If I do have an orange / different colored variant, I will probably attempt to hybridize it with the Yellow occidentalis, focusing on keeping the red / white canes along with the large upright growth. R. occidentalis is a sexual plant, attempting to isolate / clone the plant would be against my general goals of these projects, I want these to mostly propagate sexually.

Plant Breeding / Re: Mild purple radishes
« on: 2021-06-21, 05:34:47 PM »
Rattails are plump-ish. They seem to bolt faster than regular radishes - normally would be an advantage since they are grown for pods. Would be an issue if you want a root crop out of it.

I bought some Singara Rat's tail - along with Experimental Farm Network's Purple Podded Rattail. EFN's had a lower germination, but the pods are much longer and purple colored.

The flowers appeared to be larger than normal types.

Plant Breeding / Re: Bramble(Rubus) Species / Hybrids
« on: 2021-06-19, 02:03:10 AM »
I'm probably not buying certain crops next year due to all of the things that I am ordering...

Anyways, I bought:

R. cockburnianus 'Aureus'
R. setchuenensis
R. lineatus

R. setchuenensis and  R. lineatus are both in the poorly studied Malachobatus clade. I would have ordered these sooner if I had realized they were in the same clade. Both plants are shrub-like, R. lineatus is drought tolerant - fairly cold tolerant, zone 7 by most sources(I will heavily mulch the plant, or keep it in a pot). R. setchuenensis is probably more cold hardy.

Now a tricky part:

Subgenus Idaeobatus species are predominantly diploid, whereas subg. Malachobatus represents a polyploid complex, with tetraploidy, hexaploidy, octoploidy or tetradecaploidy level [6,11,12]. Interestingly, R. parvifolius in subg. Idaeobatus had various ploidy levels, with di-, tri-, tetraploid, and mixed diploid-tetraploid [13]. Not only are the phylogenetic relationships between these species unknown, we also donít even know to what extent ploidy level varies among them.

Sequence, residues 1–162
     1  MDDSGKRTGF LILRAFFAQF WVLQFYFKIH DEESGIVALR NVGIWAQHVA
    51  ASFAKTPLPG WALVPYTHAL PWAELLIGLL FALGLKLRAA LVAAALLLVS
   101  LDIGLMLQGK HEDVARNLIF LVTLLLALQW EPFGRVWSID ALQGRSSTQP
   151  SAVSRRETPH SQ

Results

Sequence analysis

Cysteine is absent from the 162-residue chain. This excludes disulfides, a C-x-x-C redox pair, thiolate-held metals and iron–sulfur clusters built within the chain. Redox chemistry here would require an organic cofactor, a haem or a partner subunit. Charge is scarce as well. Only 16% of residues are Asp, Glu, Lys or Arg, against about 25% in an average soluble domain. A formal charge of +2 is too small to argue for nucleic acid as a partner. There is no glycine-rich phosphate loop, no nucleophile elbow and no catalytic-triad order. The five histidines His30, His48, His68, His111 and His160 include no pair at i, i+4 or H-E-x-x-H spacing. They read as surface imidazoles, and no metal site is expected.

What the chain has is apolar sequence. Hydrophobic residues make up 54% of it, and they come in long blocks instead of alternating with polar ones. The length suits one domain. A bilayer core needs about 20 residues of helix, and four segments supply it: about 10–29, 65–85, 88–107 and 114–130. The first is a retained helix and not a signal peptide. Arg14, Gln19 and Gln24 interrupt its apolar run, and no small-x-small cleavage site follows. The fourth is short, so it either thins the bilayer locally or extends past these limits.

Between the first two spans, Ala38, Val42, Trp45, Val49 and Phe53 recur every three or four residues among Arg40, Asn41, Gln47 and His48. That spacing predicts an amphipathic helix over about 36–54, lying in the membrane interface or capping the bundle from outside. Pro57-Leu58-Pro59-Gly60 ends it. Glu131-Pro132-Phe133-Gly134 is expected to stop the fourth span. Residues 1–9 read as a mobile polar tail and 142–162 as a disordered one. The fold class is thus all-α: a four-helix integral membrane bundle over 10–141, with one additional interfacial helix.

I have found a few sources claiming R. setchuenensis to be a triploid( - but it could have a different ploidy. Not too sure about R. lineatus.

R. parvifolius(Different from R. parviflorus, spelt in a similar way) would be nice to have - in terms of hybridizing the Malachobatus clade with Idaeobatus species. If the R. setchuenensis is a tetraploid, I would have to cross it with a diploid. There would be a lot of sterility in such a cross - that is without the issues of them being in different clades.

Either way, I may try hybridizing R. setchuenensis and R. lineatus. Selecting for cold hardiness and drought tolerance seems like a nice start. R. lineatus can apparently cross easily with "native blackberries". Might try out some controlled crosses.

If I can only manage blackberry crosses, I may try out thornless bush blackberries as a project. Would be similar to Andrew's Anoplobatus project, mine would be in the Rubus clade (Yeah, great name for a subgenus - same name as the actual genus) I will probably stick with calling it by the old name - Eubatus. This would also be in the Malachobatus clade towards the beginning, I want to branch it towards the blackberry clade, just as a base for anyone else who would want to try making some further improved hybrids.

Something else to note - R. allegheniensis is apparently a diploid. So I could have hybrids lingering around somewhere. Should be fun with all of the other Idaeobatus diploids mixed in next year. No idea what will happen with the R. parviflorus plants - also most likely a diploid. R. cockburnianus is most likely a diploid as well.

So, the current Idaeobatus species(or cultivars) that I have:
R. phoenicolasius
R. occidentalis
R. occidentalis Flava - Yellow Black Raspberry
R. leucodermis
R. cockburnianus - Aureus
R. neglectus - Royalty Purple Raspberry
R. idaeus - Encore Red Raspberry

Basically 5 species, not counting R. neglectus which is a hybrid of two of the species listed. All of these can probably cross freely, or some of the offspring will be able to do so.

The R. phoenicolasius is from South Korea.
R. occidentalis and R. leucodermis are both from North America - my types are basically from different sides of it.
R. cockburnianus is endemic to China.
R. idaeus could have types from Asia, Europe and North America mixed in. Same story with R. neglectus.

This gives me a high possibility for disease / fungi immunities. I don't care too much for the flowers in this clade. Maybe I can obtain, or find some diploid blackberry x black raspberry crosses or something. Maybe improve the flower looks...

Plant Breeding / Re: Strawberry Species / Hybrids
« on: 2021-06-17, 05:18:11 AM »

Should be interesting to try and recreate this hybrid.

Potentilla fruticosa is now being referred to as Dasiphora fruticosa due to genetic tests showing a few plants to be distinct.